4. Discussion

TN is a common disease for which treatment is mainly based on surgery, internal medicine, and nuclear medicine. Of all TNs diagnosed, only 5–15% are malignant and are primarily found in females [21]. In recent years, thyroid cancer has emerged as one of the most commonly seen malignant tumors as the incidence of TN has been increasing year by year [22]. At present, treatment of TN includes regular follow-up, conventional surgery, TSH suppressive therapy, radioiodine therapy, percutaneous ethanol injection therapy, laser ablation, radiofrequency ablation, and microwave ablation [23].

Considering that the number of BTN patients has been increasing clinically and the limitations often observed in the existing treatment methods, more and more scholars in China and abroad have investigated the effects of CHM therapy on BTN. Based on favorable clinical results, CHM therapy for TN has acquired widespread recognition in the academic community. Yu and Xu [24] found that Xiaoliu Decoction No. 1, made by Professor Xu Bin, could effectively treat TN by reducing its maximum nodule diameter and TCM syndrome score. Based on a study by Lin [25], the Haizao Yuhu Decoction was found to effectively decrease the diameter and cross-sectional area of TN. In a study by Huang and Ma [26], the authors found that BTN could be effectively treated through TCM by regulating qi, resolving phlegm, and targeting blood stasis. In regard to reducing TV and improving the symptoms and signs of patients with BTN, these studies suggested that CHM could have better treatment outcomes than traditional therapy in treating BTN. Hence, we performed this systematic analysis to assess the clinical efficacy of CHM in treating BTN. Overall, the results of this meta-analysis showed that, compared with WM alone, CHM decoction combined with WM had better treatment response rates. Besides, the combined therapy could effectively reduce the maximum diameter of BTN and achieve significant decreases in FT3, FT4, and TSH levels and TCM syndrome scores. These findings provide credible evidence for the clinical application of CHM therapy in treating BTN.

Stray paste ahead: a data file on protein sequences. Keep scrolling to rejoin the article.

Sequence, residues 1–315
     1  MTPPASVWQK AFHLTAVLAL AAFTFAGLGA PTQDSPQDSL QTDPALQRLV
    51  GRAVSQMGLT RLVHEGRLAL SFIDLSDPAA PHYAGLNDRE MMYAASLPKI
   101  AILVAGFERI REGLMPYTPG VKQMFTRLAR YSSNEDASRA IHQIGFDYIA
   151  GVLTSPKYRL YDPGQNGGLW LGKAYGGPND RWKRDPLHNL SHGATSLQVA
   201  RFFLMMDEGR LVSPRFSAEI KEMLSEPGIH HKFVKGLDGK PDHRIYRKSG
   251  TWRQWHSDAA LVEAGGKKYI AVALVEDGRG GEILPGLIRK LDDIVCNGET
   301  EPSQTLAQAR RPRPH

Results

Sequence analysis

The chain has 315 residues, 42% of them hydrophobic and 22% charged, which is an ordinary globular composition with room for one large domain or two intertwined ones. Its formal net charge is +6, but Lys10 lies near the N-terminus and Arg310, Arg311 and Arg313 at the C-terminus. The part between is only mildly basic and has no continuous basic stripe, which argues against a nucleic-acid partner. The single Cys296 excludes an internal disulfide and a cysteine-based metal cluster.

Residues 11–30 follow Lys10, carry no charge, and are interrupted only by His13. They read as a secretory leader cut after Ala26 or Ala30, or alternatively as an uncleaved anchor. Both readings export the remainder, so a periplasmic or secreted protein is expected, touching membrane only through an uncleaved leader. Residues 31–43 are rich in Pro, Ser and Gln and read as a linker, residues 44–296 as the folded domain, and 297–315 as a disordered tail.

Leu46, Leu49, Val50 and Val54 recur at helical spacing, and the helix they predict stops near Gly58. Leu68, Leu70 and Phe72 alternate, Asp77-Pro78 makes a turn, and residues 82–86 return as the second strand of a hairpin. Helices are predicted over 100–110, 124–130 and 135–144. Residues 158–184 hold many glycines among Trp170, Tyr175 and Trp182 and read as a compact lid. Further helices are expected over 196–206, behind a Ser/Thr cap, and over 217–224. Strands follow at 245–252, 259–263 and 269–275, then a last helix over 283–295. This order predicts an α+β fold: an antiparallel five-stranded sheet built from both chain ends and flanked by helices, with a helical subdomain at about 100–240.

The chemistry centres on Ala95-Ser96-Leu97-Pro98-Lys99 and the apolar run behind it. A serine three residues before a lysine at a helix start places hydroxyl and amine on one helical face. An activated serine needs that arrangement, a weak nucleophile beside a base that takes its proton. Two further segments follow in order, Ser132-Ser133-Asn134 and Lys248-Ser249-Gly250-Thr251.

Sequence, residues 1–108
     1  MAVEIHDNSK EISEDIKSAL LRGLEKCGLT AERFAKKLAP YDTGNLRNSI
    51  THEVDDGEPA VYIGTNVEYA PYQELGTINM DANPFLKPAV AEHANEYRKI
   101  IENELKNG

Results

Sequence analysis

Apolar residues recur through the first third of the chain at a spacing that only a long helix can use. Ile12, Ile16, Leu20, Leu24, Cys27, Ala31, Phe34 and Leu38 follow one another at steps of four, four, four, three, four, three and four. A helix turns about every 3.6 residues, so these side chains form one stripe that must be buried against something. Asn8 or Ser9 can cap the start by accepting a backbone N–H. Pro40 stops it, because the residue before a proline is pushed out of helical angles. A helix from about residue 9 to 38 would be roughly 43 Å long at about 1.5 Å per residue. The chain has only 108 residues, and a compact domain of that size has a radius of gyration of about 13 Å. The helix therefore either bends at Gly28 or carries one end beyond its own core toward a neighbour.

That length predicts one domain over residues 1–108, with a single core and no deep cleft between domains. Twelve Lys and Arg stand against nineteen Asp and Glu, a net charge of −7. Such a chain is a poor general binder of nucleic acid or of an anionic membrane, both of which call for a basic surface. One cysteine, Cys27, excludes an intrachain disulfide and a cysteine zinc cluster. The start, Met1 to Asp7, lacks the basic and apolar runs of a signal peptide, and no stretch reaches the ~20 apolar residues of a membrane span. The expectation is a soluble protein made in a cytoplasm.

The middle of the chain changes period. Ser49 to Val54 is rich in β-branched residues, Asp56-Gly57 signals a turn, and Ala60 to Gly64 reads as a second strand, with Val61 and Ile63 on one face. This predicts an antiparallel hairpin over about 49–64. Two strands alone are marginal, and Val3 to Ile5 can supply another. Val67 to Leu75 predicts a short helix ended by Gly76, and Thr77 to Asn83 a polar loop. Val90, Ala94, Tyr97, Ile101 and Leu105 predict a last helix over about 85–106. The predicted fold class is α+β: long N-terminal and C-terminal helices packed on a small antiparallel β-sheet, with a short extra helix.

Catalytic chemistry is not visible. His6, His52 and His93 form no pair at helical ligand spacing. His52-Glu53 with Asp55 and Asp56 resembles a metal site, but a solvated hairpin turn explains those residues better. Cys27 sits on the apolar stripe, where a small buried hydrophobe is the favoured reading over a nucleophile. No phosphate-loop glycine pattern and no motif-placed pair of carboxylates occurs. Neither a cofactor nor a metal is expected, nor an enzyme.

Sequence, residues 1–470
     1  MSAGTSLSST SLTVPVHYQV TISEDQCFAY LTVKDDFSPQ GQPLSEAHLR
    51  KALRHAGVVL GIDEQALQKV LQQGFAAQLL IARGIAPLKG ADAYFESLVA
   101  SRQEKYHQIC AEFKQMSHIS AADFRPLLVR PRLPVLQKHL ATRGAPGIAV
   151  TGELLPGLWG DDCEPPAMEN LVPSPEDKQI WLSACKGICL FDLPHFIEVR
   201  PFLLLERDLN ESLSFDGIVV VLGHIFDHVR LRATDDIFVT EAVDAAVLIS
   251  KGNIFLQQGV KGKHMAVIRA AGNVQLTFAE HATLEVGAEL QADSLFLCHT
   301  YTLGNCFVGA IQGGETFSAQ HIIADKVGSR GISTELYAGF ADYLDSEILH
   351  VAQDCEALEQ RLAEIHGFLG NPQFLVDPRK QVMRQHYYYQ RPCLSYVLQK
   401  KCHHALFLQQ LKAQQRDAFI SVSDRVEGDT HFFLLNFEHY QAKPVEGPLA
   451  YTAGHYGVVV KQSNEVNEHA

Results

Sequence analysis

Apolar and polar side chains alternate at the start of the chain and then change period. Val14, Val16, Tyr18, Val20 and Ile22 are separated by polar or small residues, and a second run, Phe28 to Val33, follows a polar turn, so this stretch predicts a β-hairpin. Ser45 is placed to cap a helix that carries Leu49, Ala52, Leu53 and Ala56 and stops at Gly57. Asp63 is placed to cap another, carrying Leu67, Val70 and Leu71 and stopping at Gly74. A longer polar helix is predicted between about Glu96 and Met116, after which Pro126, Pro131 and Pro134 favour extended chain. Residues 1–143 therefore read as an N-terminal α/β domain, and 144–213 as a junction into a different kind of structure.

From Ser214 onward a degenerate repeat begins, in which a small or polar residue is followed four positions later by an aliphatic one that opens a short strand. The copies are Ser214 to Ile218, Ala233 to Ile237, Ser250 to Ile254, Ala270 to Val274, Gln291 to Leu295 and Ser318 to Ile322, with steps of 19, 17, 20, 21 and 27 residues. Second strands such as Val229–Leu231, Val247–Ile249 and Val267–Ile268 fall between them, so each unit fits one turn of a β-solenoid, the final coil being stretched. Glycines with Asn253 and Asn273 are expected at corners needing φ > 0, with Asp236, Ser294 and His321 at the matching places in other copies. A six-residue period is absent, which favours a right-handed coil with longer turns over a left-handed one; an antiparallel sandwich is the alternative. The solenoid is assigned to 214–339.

Although promising results in using CHM to treat BTN were observed, there were still some important limitations. All the literature selected for this study was retrieved using electronic database searches and manual screenings, which could have led to unintentional omission of some potentially eligible studies due to deficiencies in the strategies or the database used; (2) heterogeneities observed in this study could not be avoided due to differences in drugs, dosage, administration frequency, and treatment course in the included RCTs retrieved; (3) the included studies were from only one country (China), and the quality of these RCTs was not very high, which might have caused certain levels of bias in the statistical results. Therefore, cross-population multicenter RCTs with larger samples are still required to further confirm the role of CHM in treating TN.

5. Conclusion

In summary, CHM combined with thyroid hormone or microwave ablation was superior to WM alone in improving the clinical symptoms of BTN patients. The combined therapy was also found to effectively soften and dissipate nodules and promote the recovery of thyroid function. Thus, these results support that the integration of Chinese medicine with WM could be a clinically viable treatment alternative for treating BTN.

Data Availability

The data used to support the findings of this study are available from the corresponding author upon request.

Conflicts of Interest

The authors declare that they have no conflicts of interest.


This work was supported by grants from the Science and Technology Research Special Project of the Sichuan Provincial Administration of Traditional Chinese Medicine (No. 2021ZD011) and Ren-Song Yue’s TCM studio.